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- A 68-year-old Spanish TV actor said her newly adopted daughter was conceived using her dead son’s frozen sperm.
- This news sparked a debate in Spain about the nitty gritty of using surrogates.
- Equality Minister Irene Montero said surrogacy is a form of violence against women as there is a “clear poverty bias” with regard to women who become surrogate mothers.
A 68-year-old Spanish TV actor said that her newly adopted daughter was conceived using her dead son’s frozen sperm and is, in fact, her granddaughter, reigniting a debate over the bioethics of surrogacy and children’s right to privacy in Spain.
The weeks-old baby, named Ana Sandra, was born to a surrogate mother identified on Wednesday by the Lecturas magazine as a Cuban woman living in Miami, Florida.
“This girl isn’t my daughter, but my granddaughter,” TV actor Ana Obregon told celebrity magazine ¡Hola! in an interview, posing with the baby for the cover.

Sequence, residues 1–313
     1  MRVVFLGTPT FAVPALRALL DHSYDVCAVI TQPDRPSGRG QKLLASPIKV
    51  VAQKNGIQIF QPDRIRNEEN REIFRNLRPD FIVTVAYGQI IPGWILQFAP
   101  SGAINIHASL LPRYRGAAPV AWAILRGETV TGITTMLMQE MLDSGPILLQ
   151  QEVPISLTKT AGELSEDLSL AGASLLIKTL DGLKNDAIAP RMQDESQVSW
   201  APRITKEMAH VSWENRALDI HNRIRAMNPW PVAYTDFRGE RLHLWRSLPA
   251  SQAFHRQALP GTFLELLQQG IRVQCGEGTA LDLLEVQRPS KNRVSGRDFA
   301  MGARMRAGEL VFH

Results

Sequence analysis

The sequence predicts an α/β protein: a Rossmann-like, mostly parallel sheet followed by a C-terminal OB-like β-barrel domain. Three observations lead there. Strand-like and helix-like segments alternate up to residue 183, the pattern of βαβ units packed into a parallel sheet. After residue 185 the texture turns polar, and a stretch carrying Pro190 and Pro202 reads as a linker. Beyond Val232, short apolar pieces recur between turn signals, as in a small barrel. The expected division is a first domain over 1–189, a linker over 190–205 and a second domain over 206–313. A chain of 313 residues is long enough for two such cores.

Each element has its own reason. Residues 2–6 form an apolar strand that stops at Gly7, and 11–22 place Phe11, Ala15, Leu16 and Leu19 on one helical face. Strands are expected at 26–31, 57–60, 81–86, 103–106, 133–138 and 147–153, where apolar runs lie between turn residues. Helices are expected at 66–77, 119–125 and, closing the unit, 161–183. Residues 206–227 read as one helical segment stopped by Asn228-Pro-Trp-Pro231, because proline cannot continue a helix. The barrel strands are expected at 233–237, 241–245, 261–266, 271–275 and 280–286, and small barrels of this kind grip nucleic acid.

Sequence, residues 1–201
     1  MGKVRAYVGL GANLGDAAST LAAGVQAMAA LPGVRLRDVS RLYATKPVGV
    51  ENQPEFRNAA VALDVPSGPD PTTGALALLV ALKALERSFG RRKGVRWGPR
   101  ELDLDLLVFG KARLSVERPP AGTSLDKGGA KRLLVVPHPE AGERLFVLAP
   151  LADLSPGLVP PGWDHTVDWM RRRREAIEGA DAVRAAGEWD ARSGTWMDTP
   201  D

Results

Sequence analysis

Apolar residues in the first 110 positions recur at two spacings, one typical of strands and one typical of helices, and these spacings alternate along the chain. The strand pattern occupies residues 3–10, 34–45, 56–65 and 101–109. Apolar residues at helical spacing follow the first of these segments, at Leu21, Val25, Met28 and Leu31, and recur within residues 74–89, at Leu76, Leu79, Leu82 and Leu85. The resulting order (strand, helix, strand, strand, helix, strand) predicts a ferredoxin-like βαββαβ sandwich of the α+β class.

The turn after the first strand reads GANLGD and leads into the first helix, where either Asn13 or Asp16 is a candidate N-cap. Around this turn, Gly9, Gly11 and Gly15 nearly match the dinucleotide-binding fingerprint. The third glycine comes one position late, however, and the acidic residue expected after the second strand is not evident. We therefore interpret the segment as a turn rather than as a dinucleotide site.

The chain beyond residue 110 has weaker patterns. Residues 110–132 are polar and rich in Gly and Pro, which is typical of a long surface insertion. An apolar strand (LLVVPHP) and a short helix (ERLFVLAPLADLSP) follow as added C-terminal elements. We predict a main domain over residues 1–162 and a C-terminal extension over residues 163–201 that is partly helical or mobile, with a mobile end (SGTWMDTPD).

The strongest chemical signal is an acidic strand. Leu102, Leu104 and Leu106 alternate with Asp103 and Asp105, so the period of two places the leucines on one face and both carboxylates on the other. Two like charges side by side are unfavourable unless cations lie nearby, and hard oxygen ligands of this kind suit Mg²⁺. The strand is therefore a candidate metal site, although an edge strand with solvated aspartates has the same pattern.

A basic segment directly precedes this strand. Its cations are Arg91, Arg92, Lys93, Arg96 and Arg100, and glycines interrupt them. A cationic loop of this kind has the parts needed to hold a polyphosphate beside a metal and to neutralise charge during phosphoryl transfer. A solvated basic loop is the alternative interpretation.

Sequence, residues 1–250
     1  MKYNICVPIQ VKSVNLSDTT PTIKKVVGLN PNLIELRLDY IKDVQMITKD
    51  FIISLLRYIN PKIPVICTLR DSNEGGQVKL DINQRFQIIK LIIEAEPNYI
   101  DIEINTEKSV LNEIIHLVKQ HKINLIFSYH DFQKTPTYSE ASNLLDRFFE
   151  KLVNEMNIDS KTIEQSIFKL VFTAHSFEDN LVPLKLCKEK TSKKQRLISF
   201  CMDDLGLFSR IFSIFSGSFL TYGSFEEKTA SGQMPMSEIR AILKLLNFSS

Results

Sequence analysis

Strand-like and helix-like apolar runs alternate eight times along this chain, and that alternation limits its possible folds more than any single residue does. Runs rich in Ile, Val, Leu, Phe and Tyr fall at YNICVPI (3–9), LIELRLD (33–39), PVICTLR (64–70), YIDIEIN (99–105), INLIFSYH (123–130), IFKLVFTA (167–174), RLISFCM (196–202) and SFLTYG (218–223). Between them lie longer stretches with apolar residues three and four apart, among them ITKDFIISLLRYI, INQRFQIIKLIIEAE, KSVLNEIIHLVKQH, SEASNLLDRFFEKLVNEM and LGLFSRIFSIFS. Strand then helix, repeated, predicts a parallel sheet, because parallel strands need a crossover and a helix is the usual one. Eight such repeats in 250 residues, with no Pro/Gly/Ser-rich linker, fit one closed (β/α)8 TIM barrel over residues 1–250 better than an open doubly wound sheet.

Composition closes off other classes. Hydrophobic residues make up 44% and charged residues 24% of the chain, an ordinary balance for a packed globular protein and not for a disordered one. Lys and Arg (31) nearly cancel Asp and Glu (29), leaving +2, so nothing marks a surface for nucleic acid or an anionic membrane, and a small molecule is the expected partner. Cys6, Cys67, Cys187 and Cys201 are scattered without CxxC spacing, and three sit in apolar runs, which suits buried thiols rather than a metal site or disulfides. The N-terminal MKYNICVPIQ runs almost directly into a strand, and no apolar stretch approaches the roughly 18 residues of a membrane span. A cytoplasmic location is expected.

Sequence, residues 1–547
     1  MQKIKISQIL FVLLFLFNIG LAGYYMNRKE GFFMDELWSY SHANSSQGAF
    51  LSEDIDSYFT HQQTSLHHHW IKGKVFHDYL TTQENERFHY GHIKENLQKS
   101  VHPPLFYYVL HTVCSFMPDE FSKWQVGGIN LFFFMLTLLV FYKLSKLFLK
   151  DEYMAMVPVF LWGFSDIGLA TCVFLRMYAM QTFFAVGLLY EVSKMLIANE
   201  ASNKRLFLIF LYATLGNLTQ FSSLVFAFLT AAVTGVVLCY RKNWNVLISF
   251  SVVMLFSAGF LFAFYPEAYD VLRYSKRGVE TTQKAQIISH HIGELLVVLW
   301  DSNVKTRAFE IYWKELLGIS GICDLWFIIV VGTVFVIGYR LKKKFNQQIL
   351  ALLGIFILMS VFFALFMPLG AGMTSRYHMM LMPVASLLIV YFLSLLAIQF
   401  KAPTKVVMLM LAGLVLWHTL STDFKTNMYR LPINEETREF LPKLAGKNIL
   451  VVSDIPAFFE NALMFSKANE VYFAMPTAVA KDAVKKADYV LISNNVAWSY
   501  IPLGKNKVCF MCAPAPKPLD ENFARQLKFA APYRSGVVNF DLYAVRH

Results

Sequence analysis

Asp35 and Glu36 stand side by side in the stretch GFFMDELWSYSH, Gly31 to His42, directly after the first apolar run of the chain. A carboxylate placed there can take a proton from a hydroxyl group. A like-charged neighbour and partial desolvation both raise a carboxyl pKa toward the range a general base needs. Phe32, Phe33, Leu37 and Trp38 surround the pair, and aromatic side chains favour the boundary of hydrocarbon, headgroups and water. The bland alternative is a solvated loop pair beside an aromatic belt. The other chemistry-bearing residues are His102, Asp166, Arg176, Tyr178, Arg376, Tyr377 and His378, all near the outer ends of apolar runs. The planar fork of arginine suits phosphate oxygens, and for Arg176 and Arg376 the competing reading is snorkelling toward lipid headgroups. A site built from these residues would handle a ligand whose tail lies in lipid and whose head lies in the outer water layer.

“If that was my son’s last will and testament, how could I not do it?” she said, adding that only parents who had lost a child have a right to express an opinion on the matter.
Obregon’s only biological child, her son Aless Lequio, died of cancer in 2020 at the age of 27. He was related through his father to Spain’s King Felipe VI.
¡Hola! reported on 29 March that Obregon had adopted a child born through a surrogate pregnancy in Miami, sparking a debate in Spain where all forms of surrogacy – including so-called “altruistic” ones where no money changes hands – are illegal.
Following that report, several government ministers criticised the practice.
“It is a form of violence against women,” Equality Minister Irene Montero said, adding that there was a “clear poverty bias” with regard to women who become surrogate mothers due to financial need.
Neither the actor nor her management agency has responded to a Reuters request for comment.
Obregon told ¡Hola! that surrogacy was not controversial in the United States.
“People here are open-minded, but in Spain, my God, we are in the last century,” she said, adding that her son had originally wanted five children, so she could not rule out further surrogate births using his sperm.
Obregon rose to prominence in the 1980s and starred in Spanish sitcoms in the late 1990s and early 2000s. She also made cameo appearances on US TV shows such as “The A-Team”, “Who’s The Boss?” and “General Hospital”.
On Wednesday, she said on her Instagram account that a book co-written with her son would go on sale on 19 April.